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Finally, a Debate Question About Social Security

Unfortunately, it focused on the wrong issue

Presidential candidates Donald Trump and Hillary Clinton debate as moderator Chris Wallace of Fox News looks on

Saul Loeb/AFP/Getty Images

AARP’s Take A Stand campaign has been pressing the candidates to go beyond vague generalities on Social Security.

Finally, a Social Security question at the presidential debate, but it missed the point.

Social Security doesn’t contribute a dime to the deficit. People earn their benefits and they deserve better than being talked about like a line item in a budget.

Chris Wallace should have asked how the candidates would keep the program strong for future generations. The debate was our best chance to get the candidates to tell us details about their plans for Social Security and how it will affect families.

What we heard tonight is a start, but we know voters want to hear more. A recent AARP battleground poll of women 50-plus found only 34 percent have heard about Clinton’s plan and 20 percent have heard about Trump’s.

It was a mistake to frame the issue in the context of a deficit Social Security didn’t cause. That’s no way to help voters get the answers they deserve. It also didn’t help that the question came with less than five minutes left in the debate.

We are pushing hard on this issue because more than 230 million Americans have a direct stake in Social Security: 60 million who get Social Security today and more than 170 million workers who are paying into the system now. They deserve to be more than an afterthought.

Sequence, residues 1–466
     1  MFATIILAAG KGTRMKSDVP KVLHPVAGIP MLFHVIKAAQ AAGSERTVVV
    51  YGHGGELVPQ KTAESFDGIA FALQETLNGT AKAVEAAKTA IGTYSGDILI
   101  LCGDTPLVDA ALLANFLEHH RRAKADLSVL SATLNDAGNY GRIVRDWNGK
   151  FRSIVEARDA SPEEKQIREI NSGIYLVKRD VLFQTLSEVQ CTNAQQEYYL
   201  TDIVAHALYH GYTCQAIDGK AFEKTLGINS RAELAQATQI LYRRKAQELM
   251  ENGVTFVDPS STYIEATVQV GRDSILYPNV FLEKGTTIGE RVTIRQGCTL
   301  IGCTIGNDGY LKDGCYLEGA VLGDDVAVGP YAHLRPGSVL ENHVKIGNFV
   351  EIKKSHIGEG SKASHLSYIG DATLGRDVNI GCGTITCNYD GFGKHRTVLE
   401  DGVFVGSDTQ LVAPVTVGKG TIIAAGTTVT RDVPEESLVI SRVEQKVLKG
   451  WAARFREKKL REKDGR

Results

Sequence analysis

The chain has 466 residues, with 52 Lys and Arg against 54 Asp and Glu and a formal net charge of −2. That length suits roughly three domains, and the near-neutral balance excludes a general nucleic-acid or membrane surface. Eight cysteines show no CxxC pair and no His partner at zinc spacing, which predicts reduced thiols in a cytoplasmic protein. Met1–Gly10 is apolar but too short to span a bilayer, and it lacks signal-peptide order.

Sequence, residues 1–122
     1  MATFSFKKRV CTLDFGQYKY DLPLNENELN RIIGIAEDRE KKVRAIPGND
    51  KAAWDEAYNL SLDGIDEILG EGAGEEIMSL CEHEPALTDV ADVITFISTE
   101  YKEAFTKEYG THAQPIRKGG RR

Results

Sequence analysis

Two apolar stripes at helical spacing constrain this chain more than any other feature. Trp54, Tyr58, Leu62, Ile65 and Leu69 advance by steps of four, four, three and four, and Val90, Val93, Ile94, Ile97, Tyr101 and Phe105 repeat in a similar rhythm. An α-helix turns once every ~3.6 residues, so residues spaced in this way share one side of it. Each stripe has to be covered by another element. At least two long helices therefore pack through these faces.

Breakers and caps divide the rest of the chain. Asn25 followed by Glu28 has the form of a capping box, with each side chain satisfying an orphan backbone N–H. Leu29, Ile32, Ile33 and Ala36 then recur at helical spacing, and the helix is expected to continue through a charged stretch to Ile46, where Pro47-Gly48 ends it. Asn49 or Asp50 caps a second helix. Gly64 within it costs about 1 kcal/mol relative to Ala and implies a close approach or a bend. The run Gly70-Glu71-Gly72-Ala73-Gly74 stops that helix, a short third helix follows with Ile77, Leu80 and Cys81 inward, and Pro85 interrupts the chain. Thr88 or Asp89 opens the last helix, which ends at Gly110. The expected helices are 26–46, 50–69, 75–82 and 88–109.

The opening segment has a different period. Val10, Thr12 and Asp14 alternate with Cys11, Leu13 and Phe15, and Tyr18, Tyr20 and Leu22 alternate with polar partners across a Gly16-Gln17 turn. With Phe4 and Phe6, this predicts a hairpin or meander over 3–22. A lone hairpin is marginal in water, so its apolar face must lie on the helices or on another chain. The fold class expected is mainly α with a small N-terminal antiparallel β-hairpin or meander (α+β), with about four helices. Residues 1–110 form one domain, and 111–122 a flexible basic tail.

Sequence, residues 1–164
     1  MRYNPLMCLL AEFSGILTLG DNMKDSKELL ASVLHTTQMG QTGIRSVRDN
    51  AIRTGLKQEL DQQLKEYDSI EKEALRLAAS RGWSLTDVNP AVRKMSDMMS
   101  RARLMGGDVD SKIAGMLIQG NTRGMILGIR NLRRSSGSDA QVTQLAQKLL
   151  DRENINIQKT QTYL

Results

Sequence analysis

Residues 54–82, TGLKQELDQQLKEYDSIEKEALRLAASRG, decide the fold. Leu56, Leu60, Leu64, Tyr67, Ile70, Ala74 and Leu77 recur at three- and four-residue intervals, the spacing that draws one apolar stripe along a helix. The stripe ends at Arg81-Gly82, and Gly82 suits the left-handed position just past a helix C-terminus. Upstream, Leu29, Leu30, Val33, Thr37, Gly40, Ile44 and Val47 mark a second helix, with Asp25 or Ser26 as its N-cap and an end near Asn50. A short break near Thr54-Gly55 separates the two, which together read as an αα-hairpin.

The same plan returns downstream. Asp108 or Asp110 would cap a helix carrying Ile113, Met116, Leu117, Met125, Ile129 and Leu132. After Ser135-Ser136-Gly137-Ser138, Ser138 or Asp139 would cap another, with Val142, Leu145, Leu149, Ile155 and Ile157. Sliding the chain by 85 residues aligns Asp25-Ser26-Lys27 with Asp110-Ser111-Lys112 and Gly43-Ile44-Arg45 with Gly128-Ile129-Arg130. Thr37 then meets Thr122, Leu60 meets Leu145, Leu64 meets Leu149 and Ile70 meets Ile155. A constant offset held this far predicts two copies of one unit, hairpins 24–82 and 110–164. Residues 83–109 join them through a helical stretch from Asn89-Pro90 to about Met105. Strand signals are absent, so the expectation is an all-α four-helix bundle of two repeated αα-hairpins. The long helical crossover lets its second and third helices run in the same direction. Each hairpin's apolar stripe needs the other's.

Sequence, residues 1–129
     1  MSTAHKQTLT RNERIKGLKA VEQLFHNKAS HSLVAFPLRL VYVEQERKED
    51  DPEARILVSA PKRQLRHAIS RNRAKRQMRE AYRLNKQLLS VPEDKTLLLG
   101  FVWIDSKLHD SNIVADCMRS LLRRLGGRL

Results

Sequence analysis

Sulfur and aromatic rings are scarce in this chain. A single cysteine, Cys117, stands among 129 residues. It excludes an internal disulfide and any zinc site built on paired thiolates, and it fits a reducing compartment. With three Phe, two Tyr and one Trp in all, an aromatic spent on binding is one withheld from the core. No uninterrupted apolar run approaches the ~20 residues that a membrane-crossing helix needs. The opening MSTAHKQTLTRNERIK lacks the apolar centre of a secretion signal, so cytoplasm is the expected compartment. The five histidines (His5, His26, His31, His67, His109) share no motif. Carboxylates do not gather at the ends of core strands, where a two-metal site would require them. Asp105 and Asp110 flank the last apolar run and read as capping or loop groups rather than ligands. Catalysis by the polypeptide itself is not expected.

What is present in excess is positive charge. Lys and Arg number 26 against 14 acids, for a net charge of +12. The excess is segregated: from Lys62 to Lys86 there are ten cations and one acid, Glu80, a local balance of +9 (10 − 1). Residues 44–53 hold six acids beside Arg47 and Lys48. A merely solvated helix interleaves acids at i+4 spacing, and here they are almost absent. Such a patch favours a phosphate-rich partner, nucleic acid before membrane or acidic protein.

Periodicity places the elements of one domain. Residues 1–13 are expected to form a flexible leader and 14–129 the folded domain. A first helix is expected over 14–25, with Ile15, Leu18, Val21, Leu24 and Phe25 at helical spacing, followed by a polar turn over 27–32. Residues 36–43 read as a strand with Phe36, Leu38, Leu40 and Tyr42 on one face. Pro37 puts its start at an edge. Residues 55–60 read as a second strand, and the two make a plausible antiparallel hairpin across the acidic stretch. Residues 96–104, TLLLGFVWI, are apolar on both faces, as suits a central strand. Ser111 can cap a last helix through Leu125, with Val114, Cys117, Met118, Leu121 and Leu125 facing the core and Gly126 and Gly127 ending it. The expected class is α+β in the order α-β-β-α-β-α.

Why is it so important for voters to get answers about Social Security before Election Day?

In their 2016 report, the Social Security trustees said action is needed by 2034 to prevent across-the-board benefit cuts. This benefit cut in the making isn’t a theory; it’s a mathematical certainty unless politicians act.

That is why AARP’s Take A Stand campaign has been pressing the candidates to go beyond vague generalities and explain to the American people what they really have in mind for Social Security.

What we need is a commitment to act sooner rather than later.

As a practical matter, tackling the challenge now will enable any changes to be phased in more gradually. That would help people plan for the future, including younger workers. Importantly, it would bolster people’s confidence in this critical program.

And let’s be realistic: It’s better to act when time is on your side. Our leaders should thoroughly debate how to update Social Security before a crisis emerges.

The voters I meet are fed up with all the personal attacks in this campaign. Over and over, they’ve told me they want the candidates to talk about the issues that affect their lives.

Issues like Social Security. So we made a bit of progress in the debate last night. Social Security was not completely ignored.

But the candidates need to give voters real answers on how they’ll keep Social Security strong. Hey, candidates, 230 million Americans are waiting.

Video: Zero Questions on Social Security: Take A Stand - 60 million Americans count on Social Security. 170 million Americans pay into Social Security. Yet no questions were asked during the first presidential debate.

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